Foz: It squicks everyone out.
Jeannette: "-producing content about it is always bad?"
Russell: If you're watching or reading -
Russell: Something is bugging you, but you're not necessarily -
Jeannette: What is bugging you, what is it, why, and what should you do about it. An obviously the power as well, because people who write fanfic is very different from people who are making the show itself or writing the book itself or financially benefiting from these things, and the problem is within fandom, I think when we're calling out problematic things, there is a slight tendency to prioritise targets that you can actually affect.
Jeannette: So getting another fan to take down their fanart or fanfic, that is a thing that you genuinely meaningfully do, you can indeed harass them off the internet, but you probably can't get the writers of Supernatural to make your ship canon.
Foz: It's exactly that, and it has that has the paradoxical effect if once again if you're trying to support marginalised representation and marginalised creators, you end up punching down more often than you punch up, because the people who are actually trying even if they get it wrong are more likely to listen to the criticism, or those who are new to the industry, or those who are, as you say, fan artists or fan writers or individuals, they're more accessible because they're not behind several levels of corporate bullshit in order for you to talk to them on the internet. And if they actually care, they're more likely to say "Oh maybe I should take the thing down, maybe I should stop." Whereas somebody like the absolutely vile human that is, like, Perlmutter, head of Marvel, nobody's going to stop watching Marvel or reading Marvel because of him even though he's literally the worst and he's the one ultimately deriving heaps of financial benefit from it, but he's inaccessible. You might as well try to punch god because it doesn't do anything.
Jeannette: I'm not trying to make it out that you know, small creators or fandoms or fantartists are beyond critique, but I think it becomes it becomes very frustrating that you feel like you're not actually wanting to punch this specific artist, you're actually - they are standing in for the larger system that you are feeling powerless to affect.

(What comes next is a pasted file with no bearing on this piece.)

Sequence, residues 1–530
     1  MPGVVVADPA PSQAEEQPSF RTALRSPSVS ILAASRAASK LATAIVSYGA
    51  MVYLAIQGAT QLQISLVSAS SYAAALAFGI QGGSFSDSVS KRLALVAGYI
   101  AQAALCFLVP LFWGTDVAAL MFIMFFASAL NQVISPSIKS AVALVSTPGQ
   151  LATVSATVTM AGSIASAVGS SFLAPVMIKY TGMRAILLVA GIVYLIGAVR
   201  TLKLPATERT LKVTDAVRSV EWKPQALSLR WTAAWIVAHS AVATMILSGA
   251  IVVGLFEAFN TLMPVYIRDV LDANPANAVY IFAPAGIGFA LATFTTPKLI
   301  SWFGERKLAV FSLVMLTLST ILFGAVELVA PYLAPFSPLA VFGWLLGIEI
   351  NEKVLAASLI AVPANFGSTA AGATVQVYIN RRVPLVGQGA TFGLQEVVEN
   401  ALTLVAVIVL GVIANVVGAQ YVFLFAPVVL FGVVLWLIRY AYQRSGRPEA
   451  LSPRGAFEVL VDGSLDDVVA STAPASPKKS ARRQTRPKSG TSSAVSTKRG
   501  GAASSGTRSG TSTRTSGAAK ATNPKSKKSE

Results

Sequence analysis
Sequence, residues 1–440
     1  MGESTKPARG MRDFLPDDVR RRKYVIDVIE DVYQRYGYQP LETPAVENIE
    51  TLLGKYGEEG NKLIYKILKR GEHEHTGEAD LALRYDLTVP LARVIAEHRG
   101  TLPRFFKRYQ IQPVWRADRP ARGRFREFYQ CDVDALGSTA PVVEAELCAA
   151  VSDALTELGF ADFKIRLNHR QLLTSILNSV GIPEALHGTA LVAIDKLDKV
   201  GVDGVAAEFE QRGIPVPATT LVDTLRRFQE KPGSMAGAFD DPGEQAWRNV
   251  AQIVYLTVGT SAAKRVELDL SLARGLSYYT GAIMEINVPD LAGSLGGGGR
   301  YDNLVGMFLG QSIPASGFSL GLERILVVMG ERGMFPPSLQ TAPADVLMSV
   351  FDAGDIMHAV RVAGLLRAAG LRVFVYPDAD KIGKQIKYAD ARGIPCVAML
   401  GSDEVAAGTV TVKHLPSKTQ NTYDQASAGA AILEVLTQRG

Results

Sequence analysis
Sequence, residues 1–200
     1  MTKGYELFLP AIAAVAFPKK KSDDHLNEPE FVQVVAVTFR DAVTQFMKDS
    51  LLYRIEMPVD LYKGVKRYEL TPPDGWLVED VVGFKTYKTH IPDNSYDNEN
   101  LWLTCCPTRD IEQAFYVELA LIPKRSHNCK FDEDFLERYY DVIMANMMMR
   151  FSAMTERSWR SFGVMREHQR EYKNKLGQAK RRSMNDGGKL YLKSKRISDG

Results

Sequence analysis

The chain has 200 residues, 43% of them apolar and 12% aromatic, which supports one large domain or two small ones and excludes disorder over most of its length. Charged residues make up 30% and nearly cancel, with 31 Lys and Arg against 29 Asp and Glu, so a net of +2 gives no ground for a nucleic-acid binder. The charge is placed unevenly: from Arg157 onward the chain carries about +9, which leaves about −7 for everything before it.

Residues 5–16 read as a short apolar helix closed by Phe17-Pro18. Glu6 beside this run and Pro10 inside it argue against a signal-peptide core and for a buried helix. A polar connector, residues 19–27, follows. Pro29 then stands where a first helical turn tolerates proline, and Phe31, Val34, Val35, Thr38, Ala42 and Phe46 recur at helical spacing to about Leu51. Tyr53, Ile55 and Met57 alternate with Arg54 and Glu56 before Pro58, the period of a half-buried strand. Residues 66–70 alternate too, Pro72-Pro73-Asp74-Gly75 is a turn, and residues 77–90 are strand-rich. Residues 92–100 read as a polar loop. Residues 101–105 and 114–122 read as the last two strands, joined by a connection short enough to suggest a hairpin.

Jeannette: And sometimes we're talking about trends and spaces, which kind of goes into fandom and how - like, Tumblr's tagging system was very bad for developing tag communities.
Foz: It's still bad.
Jeannette: It's still bad, but if you click on the tag you will see everything.
Foz: No you won't see everything, that's half the problem, you'll click in the tag and it's like, I know this is mentioned but it's -
Jeannette: In all the wrong ways! In precisely the wrong ways! But in the sense that I'm given to understand the anti communities because people felt they couldn't escape from certain types of content or couldn't hide themselves away to a place where - to not see it.
Foz: There is that, but I also think there's an element to it of people taking discourse - the dread Disc Horse like we're having now - that people taking the view that if something is criticised and the criticism is reasonable, therefore it should be a hard rule, and it completely erodes nuance and it completely erodes the the idea that actually people have competing needs and competing investments in fandom. So what is good for one person might be bad for another and you can actually examine things on a case-by-case basis, and instead you've got this thing saying, you've now got these groups arguing "Oh, absolutely anything that does X and if one bad person is involved in a thing, then the whole thing's bad," and just attempting this very evangelical idea of moral purity, where you can't be touched by anything bad, or you are bad. And it just doesn't work functionally and becomes very frustrating to deal with that.
Russell: As a result of that, it can get absolutely crushing to have any kind of discussion on fandom in a large audience because somebody will jump on your for nothing. Which probably isn't nothing, you know. So yeah. I mean, on that note, and seeing if they're talking about, y'know, a very very obvious example a very obvious example would be Star Wars, especially the shall we say divisive nature of the recent trilogy.
Jeannette: Fuck Star Wars.
Russell: Where do we stand on Star Wars? I realise that each of those movies is its own panel and I realise -
Jeannette: Russell I'm not going to talk about Star Wars.
Russell: - I can't, I can't, I'm sorry I've been sitting on this because I've gotta go. I mean yeah we could have, there's panels on any of the last three, but yeah, but sorry, Jeannette I know what it is as well it's... yeah. What did they do with that last episode? I mean, it's relevant to this, because - it's entirely relevant to this panel, because problematic plus toxic fandom can lead to some quite extreme back dialling of characters we need to see more of.
Shaun: This gets to the bigger problem of that dreaded word discourse, where the idea is that in a fandom you're not all necessarily agreed but you're having conversations and disagreements and you're supposed to be working through things, and maybe you hit a point where you're like "we don't agree on this but that's fine", but in some fandom communities the arguments over the things different groups think are controversial get to that point where it's like Russell was saying, you either mention something and it's suddenly like a sea of people coming to destroy you with their tridents, and it gets to the point where the fandom seems so toxic that it's exactly what Russell was saying, there can then be suddenly very potentially problematic things being suggested in a certain fandom suddenly appearing in the actual materials. From the official canon. And Star Wars is one possible -